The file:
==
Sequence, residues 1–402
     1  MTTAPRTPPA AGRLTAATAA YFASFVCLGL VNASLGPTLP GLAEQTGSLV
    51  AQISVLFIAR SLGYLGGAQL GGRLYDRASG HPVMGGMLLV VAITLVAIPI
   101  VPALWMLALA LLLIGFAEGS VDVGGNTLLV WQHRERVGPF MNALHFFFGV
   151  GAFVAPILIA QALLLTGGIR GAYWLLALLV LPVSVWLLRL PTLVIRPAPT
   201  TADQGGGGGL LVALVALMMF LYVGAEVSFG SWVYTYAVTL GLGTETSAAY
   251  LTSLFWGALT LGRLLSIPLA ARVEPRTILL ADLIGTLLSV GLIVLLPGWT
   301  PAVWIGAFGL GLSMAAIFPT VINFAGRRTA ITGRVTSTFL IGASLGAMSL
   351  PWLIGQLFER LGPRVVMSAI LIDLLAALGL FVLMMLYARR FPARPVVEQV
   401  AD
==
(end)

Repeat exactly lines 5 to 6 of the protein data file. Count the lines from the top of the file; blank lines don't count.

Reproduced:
   151  GAFVAPILIA QALLLTGGIR GAYWLLALLV LPVSVWLLRL PTLVIRPAPT
   201  TADQGGGGGL LVALVALMMF LYVGAEVSFG SWVYTYAVTL GLGTETSAAY